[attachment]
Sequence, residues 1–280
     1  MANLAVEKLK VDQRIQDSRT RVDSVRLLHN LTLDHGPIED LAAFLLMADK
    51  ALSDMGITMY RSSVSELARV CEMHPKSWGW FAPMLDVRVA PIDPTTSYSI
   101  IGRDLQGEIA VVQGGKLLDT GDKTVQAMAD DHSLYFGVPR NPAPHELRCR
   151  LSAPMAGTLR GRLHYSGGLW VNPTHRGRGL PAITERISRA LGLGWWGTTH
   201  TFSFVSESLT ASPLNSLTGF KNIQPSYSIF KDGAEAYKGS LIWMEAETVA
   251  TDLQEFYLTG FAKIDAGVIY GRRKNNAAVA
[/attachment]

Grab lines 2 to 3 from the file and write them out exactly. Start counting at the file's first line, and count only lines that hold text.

     1  MANLAVEKLK VDQRIQDSRT RVDSVRLLHN LTLDHGPIED LAAFLLMADK
    51  ALSDMGITMY RSSVSELARV CEMHPKSWGW FAPMLDVRVA PIDPTTSYSI